Managed and owned by local chef Massimo Criscio, the Abruzzo Cibus offers culinary tours in the region including cooking classes in the morning and fun excursions in the afternoon. It's a complete package where everything is included: superb accommodation, cooking classes, transportation, all meals, all beverages, and all in a spectacular setting, straight out of The Sound of Music.
Well worth a visit is the “town of pasta”, Fara San Martino, a village at the bottom of Majella’s eastern slope, where you can see the fresh pasta being made. The home-made pasta also includes the famous maccheroni alla chitarra.
In recent years, no other Italian region has equalled the leaps and bounds made by Abruzzo to improve its wines. At the Bosco Nestore farm, not too far from Pescara, the wine cellars represent a subterranean architectural treasure, with the big durmast casks, the little barriques and the niches for the bottles where the Montepulciano d’Abruzzo rests.
I mentioned earlier about the religious elements to Abruzza tourism. If churches, holy faces, holy doors, hermitages and festivals are your thing, then you have come to the right place. Well worth a visit is the Volto Santo Sanctuary, at the foot of Majella’s northern slope, near the village of Manoppello. It houses the Veronica veil, from ‘vera icona’, meaning ‘true icon’.
The area also has more than its fair share of hermitages, small churches clinging like some Mexican pueblo to the rock, where various saints liked to chill out. I visited the Hermitage of San Bartholemeo in a similar location, which involved a 45-minute hike through meadows and down vertical mountain paths. It was intended to be a religious experience, and I certainly felt closer to my maker - I thought I was going to die! Not for the faint- or weak-hearted.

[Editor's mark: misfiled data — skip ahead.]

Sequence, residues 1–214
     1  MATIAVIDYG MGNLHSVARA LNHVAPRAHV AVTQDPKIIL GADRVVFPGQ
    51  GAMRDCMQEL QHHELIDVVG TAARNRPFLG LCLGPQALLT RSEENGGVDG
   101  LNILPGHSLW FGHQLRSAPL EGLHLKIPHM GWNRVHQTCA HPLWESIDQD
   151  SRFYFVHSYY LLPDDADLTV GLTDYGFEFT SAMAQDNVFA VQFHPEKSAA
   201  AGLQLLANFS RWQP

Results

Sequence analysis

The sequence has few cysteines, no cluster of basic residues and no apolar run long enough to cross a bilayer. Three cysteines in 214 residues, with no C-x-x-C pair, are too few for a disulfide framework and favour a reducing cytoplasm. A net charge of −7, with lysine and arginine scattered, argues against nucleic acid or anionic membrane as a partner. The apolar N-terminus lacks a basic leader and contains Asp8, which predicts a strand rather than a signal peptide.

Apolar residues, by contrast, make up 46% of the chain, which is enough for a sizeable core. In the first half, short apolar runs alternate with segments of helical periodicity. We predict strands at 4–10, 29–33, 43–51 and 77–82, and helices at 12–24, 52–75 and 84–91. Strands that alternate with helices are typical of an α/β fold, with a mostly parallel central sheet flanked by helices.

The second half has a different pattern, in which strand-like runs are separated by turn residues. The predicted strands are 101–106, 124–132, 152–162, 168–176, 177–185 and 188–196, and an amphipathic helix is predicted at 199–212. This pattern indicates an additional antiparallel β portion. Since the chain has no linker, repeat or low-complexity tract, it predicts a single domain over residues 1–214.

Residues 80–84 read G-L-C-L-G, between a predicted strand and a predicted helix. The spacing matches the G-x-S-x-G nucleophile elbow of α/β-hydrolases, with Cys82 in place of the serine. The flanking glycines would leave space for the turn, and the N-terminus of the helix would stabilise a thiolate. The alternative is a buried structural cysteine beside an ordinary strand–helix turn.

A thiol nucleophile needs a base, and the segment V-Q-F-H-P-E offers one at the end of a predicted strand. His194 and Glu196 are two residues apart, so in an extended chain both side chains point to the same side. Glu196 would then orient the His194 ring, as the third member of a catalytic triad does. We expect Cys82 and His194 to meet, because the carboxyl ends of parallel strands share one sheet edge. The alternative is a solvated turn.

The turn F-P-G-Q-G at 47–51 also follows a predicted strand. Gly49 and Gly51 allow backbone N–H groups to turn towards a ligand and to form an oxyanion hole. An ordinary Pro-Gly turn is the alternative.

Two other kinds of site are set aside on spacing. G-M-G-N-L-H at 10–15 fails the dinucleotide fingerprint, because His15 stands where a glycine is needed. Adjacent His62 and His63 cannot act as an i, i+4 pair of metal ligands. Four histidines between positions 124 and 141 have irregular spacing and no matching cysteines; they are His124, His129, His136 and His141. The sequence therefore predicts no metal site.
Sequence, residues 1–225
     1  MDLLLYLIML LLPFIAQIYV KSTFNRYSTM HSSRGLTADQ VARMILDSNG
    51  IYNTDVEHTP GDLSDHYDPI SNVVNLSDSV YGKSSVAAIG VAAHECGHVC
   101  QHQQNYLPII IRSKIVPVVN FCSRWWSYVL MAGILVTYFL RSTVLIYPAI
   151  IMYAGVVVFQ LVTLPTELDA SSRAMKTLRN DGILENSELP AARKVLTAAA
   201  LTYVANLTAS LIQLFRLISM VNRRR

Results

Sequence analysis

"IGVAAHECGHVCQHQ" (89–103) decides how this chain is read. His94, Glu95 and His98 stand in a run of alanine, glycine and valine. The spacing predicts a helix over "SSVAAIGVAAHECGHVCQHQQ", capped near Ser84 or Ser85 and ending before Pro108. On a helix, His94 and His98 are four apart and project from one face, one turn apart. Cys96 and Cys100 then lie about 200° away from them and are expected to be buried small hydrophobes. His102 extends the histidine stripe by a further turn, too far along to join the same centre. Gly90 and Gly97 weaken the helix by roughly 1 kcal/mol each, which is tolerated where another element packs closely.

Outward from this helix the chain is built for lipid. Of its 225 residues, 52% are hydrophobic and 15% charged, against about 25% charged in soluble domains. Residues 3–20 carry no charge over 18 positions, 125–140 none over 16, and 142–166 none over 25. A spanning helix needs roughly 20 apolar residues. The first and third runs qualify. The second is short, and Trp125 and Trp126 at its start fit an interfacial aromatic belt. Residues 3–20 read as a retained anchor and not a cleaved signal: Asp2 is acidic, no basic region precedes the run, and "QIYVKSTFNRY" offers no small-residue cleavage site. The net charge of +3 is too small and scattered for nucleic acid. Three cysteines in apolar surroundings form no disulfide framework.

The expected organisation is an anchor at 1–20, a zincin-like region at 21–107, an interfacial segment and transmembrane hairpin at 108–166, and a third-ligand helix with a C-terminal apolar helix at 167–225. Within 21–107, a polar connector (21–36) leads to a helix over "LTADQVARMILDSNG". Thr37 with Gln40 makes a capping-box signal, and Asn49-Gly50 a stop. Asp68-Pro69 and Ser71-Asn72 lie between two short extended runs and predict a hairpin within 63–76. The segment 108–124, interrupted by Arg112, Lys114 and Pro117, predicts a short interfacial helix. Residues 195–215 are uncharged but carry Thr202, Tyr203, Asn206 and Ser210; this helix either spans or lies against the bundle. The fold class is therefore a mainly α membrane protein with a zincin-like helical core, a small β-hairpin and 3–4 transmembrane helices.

Also not for the faint-hearted is my reason to be in Abruzzo: la panarda. It was described to me as a long, long lunch, to which I am quite partial. The official description of a panarda is a multi-course feast of gargantuan proportions, which comes close. The reality, however, is somewhat different. This is a gastronomic orgy! Most panardas consist of 35 to 56 courses and last all night. The theory is that it gives the guests time to taste every dish in a pleasant way. And in theory it worked.
The afternoon, evening and most of the night flew by, as I waded my way through the first 15 fish dishes and on through the meats and sweets – with wine continually spouting like a burst pipe and me looking increasingly like a burst couch! The food, and not in small portions, was magnificent, and to leave the table before finishing it was considered an offence. Not wishing to be offensive, I stayed from soup to nuts.
Without doubt, this certainly is a tradition worth reviving. At the end of it I was presented with a certificate from the mayor, possibly for last man standing. I was now officially certified. This was my first panarda and I hope not my last. The area of Abruzzo is rightly famed for the amiable hospitality of the people – and the arresting officer was very understanding.
Ryanair flies to Pescara from London Stansted and Glasgow.